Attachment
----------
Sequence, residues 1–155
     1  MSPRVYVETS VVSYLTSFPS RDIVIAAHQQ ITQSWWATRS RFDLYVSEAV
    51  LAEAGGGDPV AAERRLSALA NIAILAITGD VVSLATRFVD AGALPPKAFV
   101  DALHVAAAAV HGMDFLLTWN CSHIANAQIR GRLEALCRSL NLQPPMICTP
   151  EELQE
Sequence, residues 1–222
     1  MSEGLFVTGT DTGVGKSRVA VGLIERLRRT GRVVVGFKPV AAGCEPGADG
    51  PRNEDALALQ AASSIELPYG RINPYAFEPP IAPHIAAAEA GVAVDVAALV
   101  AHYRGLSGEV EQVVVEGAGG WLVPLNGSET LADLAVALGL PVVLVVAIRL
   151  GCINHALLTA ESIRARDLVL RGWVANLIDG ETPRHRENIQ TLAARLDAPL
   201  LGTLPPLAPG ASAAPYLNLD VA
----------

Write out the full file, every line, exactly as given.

Sequence, residues 1–155
     1  MSPRVYVETS VVSYLTSFPS RDIVIAAHQQ ITQSWWATRS RFDLYVSEAV
    51  LAEAGGGDPV AAERRLSALA NIAILAITGD VVSLATRFVD AGALPPKAFV
   101  DALHVAAAAV HGMDFLLTWN CSHIANAQIR GRLEALCRSL NLQPPMICTP
   151  EELQE
Sequence, residues 1–222
     1  MSEGLFVTGT DTGVGKSRVA VGLIERLRRT GRVVVGFKPV AAGCEPGADG
    51  PRNEDALALQ AASSIELPYG RINPYAFEPP IAPHIAAAEA GVAVDVAALV
   101  AHYRGLSGEV EQVVVEGAGG WLVPLNGSET LADLAVALGL PVVLVVAIRL
   151  GCINHALLTA ESIRARDLVL RGWVANLIDG ETPRHRENIQ TLAARLDAPL
   201  LGTLPPLAPG ASAAPYLNLD VA